Judge Dismisses Part of Lawsuit from Former KSU Cheerleader Who Kneeled During Football Game

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The former Kennesaw State University cheerleader who filed a lawsuit against the school’s officials and a former state representative has hit a snag in her legal fight.

A federal judge on Thursday dismissed Tommia Dean’s case against Cobb Sheriff Neil Warren and Rep. Earl Ehrhart, according to The Atlanta Journal-Constitution. In a lawsuit filed in 2018 against Warren, Ehrhart, former KSU president Sam Olens and other officials, Dean alleged her First Amendment rights were violated out of racial and political animus.

Dean was one of five cheerleaders who kneeled during the national anthem at a 2017 football game in protest of police brutality against Black people, following in line with ex-NFL quarterback Colin Kaepernick’s protest.

Kennesaw State University
In this Saturday, Sept. 30, 2017 photo, five Kennesaw State University cheerleaders take a knee during the national anthem prior to a college football game against North Greenville, in Kennesaw, Ga. The group of cheerleaders from the college in Georgia say they’ll take a knee in the stadium tunnel when the national anthem is played at Saturday’s homecoming game since their university moved them off the field after an earlier demonstration. (Cory Hancock/Atlanta Journal-Constitution via AP)

However, on Feb. 7, Judge Timothy Batten dismissed the plaintiff’s complaint against Warren and Ehrhart. In his decision, Batten wrote that Dean did not provide the court with enough information for them to determine Warren and Ehrhart worked against the cheerleaders “for any reason other than perceived disrespect to the flag.”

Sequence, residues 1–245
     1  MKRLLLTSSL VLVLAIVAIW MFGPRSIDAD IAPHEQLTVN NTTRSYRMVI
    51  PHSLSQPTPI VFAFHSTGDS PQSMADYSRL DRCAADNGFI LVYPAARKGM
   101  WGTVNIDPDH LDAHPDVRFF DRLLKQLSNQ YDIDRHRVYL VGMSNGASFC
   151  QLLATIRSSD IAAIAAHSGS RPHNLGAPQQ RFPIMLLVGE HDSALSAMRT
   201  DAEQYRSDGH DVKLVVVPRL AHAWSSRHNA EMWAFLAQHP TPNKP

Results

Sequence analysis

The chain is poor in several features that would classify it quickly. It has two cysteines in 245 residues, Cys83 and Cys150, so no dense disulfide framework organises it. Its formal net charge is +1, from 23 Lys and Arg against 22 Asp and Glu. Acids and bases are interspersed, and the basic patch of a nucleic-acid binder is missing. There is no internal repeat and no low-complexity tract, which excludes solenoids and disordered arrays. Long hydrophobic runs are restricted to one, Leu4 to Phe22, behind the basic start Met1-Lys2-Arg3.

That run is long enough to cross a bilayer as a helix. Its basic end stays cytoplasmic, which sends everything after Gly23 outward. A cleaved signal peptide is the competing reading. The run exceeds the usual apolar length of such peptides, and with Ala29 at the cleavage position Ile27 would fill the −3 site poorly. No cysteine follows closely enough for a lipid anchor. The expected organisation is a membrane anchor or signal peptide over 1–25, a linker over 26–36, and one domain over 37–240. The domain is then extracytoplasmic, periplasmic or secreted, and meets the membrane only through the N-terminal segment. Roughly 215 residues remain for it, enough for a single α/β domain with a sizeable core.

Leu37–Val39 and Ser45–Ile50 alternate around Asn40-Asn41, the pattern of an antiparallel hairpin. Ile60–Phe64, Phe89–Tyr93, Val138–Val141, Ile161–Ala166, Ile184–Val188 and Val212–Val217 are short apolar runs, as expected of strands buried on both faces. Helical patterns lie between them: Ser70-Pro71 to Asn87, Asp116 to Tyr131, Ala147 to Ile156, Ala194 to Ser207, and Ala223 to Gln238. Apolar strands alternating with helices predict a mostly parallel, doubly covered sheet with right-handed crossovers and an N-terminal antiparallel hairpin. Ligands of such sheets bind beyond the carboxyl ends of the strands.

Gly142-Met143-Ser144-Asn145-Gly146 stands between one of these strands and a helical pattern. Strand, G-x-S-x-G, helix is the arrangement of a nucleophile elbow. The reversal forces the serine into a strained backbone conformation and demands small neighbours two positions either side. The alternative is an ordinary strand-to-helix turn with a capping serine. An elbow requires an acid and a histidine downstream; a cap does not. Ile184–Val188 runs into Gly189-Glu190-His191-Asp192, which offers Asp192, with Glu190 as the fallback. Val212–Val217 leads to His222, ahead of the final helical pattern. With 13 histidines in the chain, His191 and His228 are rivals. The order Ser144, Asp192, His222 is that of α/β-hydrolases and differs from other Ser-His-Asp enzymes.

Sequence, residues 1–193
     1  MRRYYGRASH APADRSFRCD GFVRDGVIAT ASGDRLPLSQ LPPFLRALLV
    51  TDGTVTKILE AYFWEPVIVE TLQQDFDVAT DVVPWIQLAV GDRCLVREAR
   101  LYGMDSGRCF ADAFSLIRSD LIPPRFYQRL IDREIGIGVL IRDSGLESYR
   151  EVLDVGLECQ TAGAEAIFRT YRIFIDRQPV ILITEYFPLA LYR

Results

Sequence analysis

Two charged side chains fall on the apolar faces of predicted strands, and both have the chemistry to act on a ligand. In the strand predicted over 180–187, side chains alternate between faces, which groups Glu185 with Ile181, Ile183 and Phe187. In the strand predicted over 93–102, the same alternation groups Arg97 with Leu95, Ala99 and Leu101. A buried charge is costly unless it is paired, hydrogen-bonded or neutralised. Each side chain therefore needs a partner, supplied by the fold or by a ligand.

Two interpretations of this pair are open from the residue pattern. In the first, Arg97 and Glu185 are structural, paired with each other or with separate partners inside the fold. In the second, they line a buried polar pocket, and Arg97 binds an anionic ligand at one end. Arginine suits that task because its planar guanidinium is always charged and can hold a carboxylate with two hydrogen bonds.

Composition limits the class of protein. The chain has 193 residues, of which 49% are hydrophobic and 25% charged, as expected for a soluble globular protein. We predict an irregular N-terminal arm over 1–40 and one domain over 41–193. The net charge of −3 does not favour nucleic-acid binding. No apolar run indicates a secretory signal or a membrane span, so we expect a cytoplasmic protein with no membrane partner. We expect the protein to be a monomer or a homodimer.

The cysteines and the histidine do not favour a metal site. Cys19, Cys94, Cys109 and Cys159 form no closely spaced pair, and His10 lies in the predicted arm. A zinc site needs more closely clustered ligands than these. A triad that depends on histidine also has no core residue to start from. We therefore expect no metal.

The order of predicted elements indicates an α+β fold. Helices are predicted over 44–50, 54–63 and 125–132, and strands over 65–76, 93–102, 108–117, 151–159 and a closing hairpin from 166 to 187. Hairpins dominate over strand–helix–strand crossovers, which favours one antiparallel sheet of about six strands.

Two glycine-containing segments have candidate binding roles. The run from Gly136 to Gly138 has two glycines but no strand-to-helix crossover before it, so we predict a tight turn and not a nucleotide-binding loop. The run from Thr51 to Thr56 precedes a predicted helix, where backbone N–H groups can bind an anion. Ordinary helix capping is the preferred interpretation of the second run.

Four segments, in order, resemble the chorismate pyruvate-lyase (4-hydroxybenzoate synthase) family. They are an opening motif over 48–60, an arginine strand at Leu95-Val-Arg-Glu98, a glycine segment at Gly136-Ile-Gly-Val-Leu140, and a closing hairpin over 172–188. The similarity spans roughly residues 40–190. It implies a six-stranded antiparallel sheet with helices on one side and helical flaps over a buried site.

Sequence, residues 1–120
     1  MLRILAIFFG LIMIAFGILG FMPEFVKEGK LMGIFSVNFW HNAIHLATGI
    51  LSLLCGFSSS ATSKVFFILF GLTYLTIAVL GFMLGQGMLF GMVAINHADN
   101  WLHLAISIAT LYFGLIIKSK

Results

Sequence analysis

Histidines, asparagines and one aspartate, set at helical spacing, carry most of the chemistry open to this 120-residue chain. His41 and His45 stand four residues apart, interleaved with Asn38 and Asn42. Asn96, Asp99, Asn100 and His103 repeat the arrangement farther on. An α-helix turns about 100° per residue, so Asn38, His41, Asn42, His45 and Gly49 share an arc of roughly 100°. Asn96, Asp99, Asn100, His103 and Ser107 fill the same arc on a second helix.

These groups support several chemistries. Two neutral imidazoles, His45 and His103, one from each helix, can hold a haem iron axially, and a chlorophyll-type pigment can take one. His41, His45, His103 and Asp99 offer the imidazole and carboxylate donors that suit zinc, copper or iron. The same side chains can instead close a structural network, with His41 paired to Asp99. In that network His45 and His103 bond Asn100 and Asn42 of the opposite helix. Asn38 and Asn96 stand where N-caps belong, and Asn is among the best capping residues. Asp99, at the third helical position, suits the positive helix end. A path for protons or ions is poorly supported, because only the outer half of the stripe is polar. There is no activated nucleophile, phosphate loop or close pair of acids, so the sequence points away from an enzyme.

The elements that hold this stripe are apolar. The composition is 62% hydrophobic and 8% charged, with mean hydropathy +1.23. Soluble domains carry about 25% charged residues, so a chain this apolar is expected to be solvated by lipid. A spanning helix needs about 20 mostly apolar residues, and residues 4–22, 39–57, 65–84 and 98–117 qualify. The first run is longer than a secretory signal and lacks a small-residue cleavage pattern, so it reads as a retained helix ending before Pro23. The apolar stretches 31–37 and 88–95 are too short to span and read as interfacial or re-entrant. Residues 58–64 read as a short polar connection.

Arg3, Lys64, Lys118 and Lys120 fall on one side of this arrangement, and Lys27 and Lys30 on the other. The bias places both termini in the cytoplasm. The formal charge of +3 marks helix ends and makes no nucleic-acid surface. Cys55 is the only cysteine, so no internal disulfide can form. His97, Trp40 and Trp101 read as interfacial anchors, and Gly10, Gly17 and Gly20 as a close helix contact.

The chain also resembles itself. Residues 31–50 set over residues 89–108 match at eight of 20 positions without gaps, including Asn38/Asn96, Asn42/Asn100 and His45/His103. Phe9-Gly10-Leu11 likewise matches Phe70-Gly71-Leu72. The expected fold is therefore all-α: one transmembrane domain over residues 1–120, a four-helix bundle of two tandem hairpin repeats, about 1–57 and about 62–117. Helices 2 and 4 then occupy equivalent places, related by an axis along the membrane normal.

“Because the Court rules for Defendants on the issue of § 1985(3) animus, it declines to address the First Amendment issue,” the order said. “The Clerk is directed to drop Ehrhart and Warren as parties to this case.”

Batten’s ruling does not affect Dean’s case against Olens and other KSU officials; they continue to remain defendants.

When Dean filed her complaint in September, she pointed out text messages between Warren and Ehrhart where they celebrated successfully pressing Olens to keep the students off the field during “The Star-Spangled Banner” in succeeding games.

“He had to be dragged there but with you and I pushing he had no choice. Thanks for your patriotism my friend,” read Ehrhart’s message to the sheriff.

The lawsuit also claimed that Ehrhart previously pressured Olens, who has since left the university, to remove the cheerleaders from the squad entirely.

When speaking about her filing on ABC’s “The View” last year, Dean said she wanted to stand up for the attacks on Black lives.

“After seeing the many killings and many attacks against minorities by police officers, I thought it was crazy to have that many,” she said, noting it “became personal” because of her brothers. “I didn’t think it was right for minorities to have to walk around and be terrified every day and to see a police officer and not know how should I act, what should I do.”

“It’s a burden to have to walk around and be scared all the time,” she added.

Still, Dean noted that there was a need for respect on both sides of the aisle.

“I think we need to have respect for both sides,” Dean explained further. “We need to at least respect one another. … I never want to come across as disrespectful to the military, that’s not what this protest is about.”

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